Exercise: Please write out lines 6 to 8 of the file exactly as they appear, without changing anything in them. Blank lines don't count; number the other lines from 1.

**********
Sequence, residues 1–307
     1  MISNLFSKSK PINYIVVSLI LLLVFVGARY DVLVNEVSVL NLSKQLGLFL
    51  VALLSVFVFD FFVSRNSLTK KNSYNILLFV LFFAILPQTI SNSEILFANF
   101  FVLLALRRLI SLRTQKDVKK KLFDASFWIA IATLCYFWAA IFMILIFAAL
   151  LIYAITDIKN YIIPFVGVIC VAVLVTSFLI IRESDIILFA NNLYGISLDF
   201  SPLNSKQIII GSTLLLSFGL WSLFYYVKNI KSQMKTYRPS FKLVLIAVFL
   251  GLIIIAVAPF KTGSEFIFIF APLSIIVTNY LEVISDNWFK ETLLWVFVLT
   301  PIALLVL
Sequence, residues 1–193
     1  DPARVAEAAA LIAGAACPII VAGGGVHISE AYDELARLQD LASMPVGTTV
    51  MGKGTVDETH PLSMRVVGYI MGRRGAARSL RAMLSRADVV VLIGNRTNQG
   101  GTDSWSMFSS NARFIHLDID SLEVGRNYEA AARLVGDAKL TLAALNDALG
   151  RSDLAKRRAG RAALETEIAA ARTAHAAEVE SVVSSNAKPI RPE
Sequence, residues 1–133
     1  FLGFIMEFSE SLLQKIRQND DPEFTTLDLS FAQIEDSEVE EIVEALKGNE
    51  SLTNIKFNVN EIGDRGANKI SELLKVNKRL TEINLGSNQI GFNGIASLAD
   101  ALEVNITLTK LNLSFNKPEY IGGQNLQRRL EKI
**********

   201  SPLNSKQIII GSTLLLSFGL WSLFYYVKNI KSQMKTYRPS FKLVLIAVFL
   251  GLIIIAVAPF KTGSEFIFIF APLSIIVTNY LEVISDNWFK ETLLWVFVLT
   301  PIALLVL